Friday, September 11, 2020

The Daily Bible Readings for FRIDAY, September 11, 2020

The Daily Readings
FRIDAY, September 11, 2020
Psalm 114; Exodus 14:1-18; Acts 7:9-16
The Holy Bible, King James Version (KJV)

Today's Verse-of-the-Day: Psalm 121:1-2
I will lift up mine eyes unto the hills, from whence cometh my help. My help cometh from the Lord, which made heaven and earth.
When we choose to live by faith in God, we gain not only life eternal with Him but also the fulfillment of His promises for life today. To choose Him, we turn our backs on the world’s ways. Although there is a cost to saying no to the world, what we gain through faith in God is incomparably greater.

Today's Readings:
Tremble O earth
Our God is the God of all creation. He split the Red Sea and parted the Jordan River (v. 3). He made the mountains and earth shake (vv. 4, 7). He turned solid rock into springs of water (v. 8). Marking moments in Israel’s history, the psalmist focused his meditation entirely on God’s power and majesty. This is the second of six Passover prayers sung by devout Israelites.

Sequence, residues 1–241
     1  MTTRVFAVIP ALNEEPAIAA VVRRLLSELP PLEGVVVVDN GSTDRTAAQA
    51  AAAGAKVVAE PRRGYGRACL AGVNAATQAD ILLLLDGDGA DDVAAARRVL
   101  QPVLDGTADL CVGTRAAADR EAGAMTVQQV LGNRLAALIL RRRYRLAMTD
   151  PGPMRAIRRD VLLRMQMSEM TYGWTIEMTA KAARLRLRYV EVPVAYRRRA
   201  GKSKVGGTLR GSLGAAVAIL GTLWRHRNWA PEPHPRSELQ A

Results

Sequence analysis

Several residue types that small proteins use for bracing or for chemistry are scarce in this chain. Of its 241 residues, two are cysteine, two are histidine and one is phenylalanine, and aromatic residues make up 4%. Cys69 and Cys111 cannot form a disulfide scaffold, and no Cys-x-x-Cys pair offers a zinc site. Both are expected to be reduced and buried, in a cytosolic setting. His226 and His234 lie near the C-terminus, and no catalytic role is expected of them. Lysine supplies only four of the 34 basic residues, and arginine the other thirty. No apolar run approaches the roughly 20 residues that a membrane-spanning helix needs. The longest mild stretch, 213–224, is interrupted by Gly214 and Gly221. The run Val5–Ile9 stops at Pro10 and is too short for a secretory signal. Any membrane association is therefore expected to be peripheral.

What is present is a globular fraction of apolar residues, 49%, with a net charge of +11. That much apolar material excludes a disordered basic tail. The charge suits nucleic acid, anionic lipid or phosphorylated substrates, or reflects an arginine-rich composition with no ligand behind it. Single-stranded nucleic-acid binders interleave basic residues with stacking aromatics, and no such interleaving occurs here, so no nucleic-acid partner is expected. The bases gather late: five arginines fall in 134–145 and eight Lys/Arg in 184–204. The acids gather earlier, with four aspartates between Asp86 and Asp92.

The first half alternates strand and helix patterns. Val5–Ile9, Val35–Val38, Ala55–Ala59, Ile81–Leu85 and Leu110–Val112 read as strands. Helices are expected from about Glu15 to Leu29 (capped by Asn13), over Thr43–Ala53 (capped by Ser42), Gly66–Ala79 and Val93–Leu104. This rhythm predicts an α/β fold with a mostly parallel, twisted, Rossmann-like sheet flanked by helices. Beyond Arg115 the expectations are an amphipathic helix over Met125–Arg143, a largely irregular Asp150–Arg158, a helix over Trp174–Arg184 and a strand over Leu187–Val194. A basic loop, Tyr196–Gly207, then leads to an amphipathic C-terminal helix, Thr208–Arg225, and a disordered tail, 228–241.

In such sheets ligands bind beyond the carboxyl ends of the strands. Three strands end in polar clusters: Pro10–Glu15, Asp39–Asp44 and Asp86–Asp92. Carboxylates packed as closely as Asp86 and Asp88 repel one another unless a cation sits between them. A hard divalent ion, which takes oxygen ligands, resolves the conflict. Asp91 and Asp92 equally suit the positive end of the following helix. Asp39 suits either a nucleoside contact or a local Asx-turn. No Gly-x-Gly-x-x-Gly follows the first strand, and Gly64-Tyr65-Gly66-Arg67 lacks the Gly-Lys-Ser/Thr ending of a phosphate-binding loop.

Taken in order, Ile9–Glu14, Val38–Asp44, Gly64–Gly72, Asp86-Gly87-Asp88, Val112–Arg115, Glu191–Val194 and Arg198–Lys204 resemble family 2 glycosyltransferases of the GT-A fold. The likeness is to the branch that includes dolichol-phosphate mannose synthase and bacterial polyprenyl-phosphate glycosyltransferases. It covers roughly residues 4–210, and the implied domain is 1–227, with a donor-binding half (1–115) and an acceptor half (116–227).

As you pray, consider how Jesus can bring a spring of living water from hardened hearts (John 4:10, 14). Ask Him to do that among your loved ones who have turned away from God. Use this psalm as a guide to praise God for His awesome power.
114:1 When Israel went out of Egypt, the house of Jacob from a people of strange language;

2 Judah was his sanctuary, and Israel his dominion.

3 The sea saw it, and fled: Jordan was driven back.

4 The mountains skipped like rams, and the little hills like lambs.

5 What ailed thee, O thou sea, that thou fleddest? thou Jordan, that thou wast driven back?